Hi, my name is John and I don’t like the Fallout games.
Don’t get me wrong, I can appreciate the Fallout games for what they are. I can admire the unique setting and visual commitment to it but ultimately, for all the strengths of the games, I just don’t have any fun with them. Maybe I’m just not as keen on 1950s Americana as other people, I don’t know, but whatever it is I have never really enjoyed a single Fallout game.
Wow, it feels good to get that off my chest. I’ve been carrying it around for a while now and I just can’t seem to get past the way I feel.
Of course this normally wouldn’t be a problem. After all, I review games all the time right here on EB and part of that job is to point out things I don’t like. Time and time again though, I have found that mentioning this particular opinion of mine is met with a firestorm of backlash by my fellow gamers. It’s like everyone else played a different game than I did, or else one forum poster is correct and I’m a mentally deficient man in an incestuous relationship with my mother (I may have edited that last one).
Nor is this is the only time I’ve expressed an opinion only to see a reaction more akin to a murder confession than a preference in which digital media I consume. I hated Final Fantasy VII, I really didn’t like the Sam Raimi Spider Man films (although I’m actually starting to realise I just hate Spider Man) and I cannot get onboard with the Witcher no matter how many times I try.
I’m not saying all these things to garner sympathy or to claim my opinions are somehow the correct ones, but because the extreme reaction in each case made me start to wonder when we had all sat down and agreed these holy commandments by which all geeks must be bound?
Did some wise old man go up a mountain and come back with an Atari under each arm inscribed with ‘Thou must love Firefly’?
I think the answer is probably a little less dramatic than that, although I kinda wish we could get a gamer version of Charlton Heston’s Moses.
Of course, the anonymity of the net is a major factor as anyone who’s ever encountered a twitter troll will attest. The issue goes deeper then that though, even beyond the net and I think it’s endemic of the changing face of ‘Geek’.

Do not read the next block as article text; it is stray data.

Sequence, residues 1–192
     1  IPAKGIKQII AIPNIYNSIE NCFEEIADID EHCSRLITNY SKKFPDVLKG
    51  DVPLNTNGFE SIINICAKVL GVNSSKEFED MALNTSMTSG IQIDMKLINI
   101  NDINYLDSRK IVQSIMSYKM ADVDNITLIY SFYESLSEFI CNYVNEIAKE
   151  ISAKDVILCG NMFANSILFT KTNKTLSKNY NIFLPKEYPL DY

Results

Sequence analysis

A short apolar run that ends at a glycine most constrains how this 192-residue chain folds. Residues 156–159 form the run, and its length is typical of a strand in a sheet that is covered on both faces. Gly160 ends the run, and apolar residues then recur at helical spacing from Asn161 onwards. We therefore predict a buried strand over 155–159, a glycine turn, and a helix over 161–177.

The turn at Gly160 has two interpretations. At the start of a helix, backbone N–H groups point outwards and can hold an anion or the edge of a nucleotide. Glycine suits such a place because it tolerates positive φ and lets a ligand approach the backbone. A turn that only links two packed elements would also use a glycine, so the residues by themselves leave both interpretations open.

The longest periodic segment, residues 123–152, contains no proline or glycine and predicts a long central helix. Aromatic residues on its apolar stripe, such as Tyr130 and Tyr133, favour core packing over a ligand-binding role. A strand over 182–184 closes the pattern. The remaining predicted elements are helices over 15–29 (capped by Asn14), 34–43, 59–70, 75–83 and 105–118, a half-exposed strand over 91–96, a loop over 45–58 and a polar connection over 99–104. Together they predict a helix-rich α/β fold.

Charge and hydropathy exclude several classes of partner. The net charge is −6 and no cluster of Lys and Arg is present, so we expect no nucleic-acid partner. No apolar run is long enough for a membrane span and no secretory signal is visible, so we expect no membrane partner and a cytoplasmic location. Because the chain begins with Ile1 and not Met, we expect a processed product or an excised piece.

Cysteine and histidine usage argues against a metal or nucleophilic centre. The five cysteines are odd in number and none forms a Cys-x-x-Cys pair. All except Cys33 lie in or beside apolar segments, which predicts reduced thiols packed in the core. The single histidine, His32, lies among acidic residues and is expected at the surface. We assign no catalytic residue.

See, it’s no secret that both gaming and Geekdom in general is now more popular then ever with people actively seeking to claim the title for themselves. As a community we’ve gone from a group who were united by exclusion, sometimes violent, from the popular mainstream to a group who are so firmly within the mainstream that we all risk drowning.
For some people this is a horror story, with the norms that have given them comfort for years suddenly being replaced by a scary new world where people can enjoy geeky stuff and never encounter the same social stigma that used to be the norm. These people are, thankfully, a minority but like every formerly powerful minority in history they are now terrified of what the future might mean for them and their response is to throw up walls.
The codifying of opinions is just one, relatively minor, symptom of this. To see the truly horrific extremes it can go to you only need to delve into the darker corners of Reddit or 4Chan (fair warning, you’ll want a shower afterwards) but it’s a dangerous one for our community.
When you have a vocal minority looking to shout down dissent it’s always going to be met with hostility and, as long as that minority pretends to be the arbiters of what is ‘Geek’, its going to mean that ownership of our hobbies, our films and our shows is pulled away all the faster from us to the new wave of consumers fresh-faced and eager to receive it. After all who’s going to want to be associated with that kind of poisonous thinking?
Free debate is the basis of a healthy society, and sometimes that means listening to opinions you don’t agree with. You can still then disagree but maybe don’t pretend your version is some sort of universal truth?
‘Making you a better Geek, one post at a time!’